Sri Lankan election: Vote for the Socialist Equality Party

By the Socialist Equality Party
8 April 2010

The Socialist Equality Party (SEP) calls on workers, young people, intellectuals and the rural poor to vote for its candidates in the general election being held today. The party is standing slates of candidates in four electoral districts—Colombo, Nuwara Eliya, Jaffna and Galle. The SEP is the only party advancing a socialist alternative to combat the deepening attacks on the living standards and democratic rights of working people.

The election will set the stage for a further, far reaching assault on the social position of the Sri Lankan working class. It takes place as the global economic crisis—the worst since the Great Depression of the 1930s—enters a new stage. In 2008 and 2009, governments around the world pumped trillions of dollars into stimulus packages and bailouts to save the major banks and corporations. Now the financial elites that created the disaster are demanding that the mountain of public debt be offloaded onto working people.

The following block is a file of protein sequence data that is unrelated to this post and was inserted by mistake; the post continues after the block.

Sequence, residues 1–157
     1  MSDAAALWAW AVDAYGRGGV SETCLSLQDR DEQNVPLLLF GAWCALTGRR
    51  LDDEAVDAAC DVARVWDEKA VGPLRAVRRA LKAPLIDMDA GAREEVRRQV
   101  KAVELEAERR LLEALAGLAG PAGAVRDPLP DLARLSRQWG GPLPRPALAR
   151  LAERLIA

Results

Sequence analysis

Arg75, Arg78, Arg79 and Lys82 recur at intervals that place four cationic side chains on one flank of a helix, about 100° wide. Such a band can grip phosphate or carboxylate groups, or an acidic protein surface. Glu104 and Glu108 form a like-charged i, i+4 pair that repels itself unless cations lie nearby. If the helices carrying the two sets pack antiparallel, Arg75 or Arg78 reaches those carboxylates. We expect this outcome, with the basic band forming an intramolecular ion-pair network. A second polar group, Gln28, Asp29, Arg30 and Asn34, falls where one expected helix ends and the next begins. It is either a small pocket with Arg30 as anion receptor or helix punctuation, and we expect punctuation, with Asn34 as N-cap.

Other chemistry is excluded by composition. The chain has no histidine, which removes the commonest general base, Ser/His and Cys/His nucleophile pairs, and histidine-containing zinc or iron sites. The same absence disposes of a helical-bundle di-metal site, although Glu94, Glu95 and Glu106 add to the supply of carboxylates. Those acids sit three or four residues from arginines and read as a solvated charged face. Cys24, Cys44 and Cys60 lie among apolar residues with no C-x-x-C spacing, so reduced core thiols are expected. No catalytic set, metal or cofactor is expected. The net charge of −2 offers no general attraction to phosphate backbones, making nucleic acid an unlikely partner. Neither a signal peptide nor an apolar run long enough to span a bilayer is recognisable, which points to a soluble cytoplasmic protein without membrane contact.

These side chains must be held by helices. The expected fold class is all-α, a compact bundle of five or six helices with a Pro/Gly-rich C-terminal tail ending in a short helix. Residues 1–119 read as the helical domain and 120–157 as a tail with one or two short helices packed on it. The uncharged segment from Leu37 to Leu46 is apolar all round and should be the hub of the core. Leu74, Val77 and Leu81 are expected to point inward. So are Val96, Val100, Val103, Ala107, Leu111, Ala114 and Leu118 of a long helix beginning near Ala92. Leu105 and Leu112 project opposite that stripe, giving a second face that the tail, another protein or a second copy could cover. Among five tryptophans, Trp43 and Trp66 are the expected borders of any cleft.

Greece is being used as a test case in attacking workers’ rights through wage cutting, the destruction of jobs and the slashing of essential services. Portugal, Spain and Italy are the next in line, but workers in every country confront a similar situation. What is opening up is a new period of class struggle as the working class is driven to defend its basic rights. Already the working class in Greece and Europe has engaged in strikes and protests, only to have these struggles undermined by the trade unions.

At the same time, the economic crisis is fuelling great power rivalry and the eruption of militarism. Sri Lanka together with the entire Indian subcontinent is becoming embroiled in the efforts of US imperialism to offset its economic decline by establishing its dominance through wars in Iraq, Afghanistan and now Pakistan. The bitter divisions in Sri Lanka ruling circles are primarily over foreign policy—President Mahinda Rajapakse relied on Beijing for support in his war against the Liberation Tigers of Tamil Eelam (LTTE); the opposition parties are more oriented to the country’s traditional allies in Europe and the US.

The central plank of the SEP’s program is the struggle for socialist internationalism. The eruption of global economic turmoil and the drive to new and more terrible wars makes clear that none of the problems confronting the working class can be resolved on a national basis in Sri Lanka or anywhere else. Workers in Sri Lanka must turn to their class brothers and sisters internationally, especially across South Asia, to forge a unified movement to abolish capitalism, which is the source of social inequality, war and the attacks on democratic rights.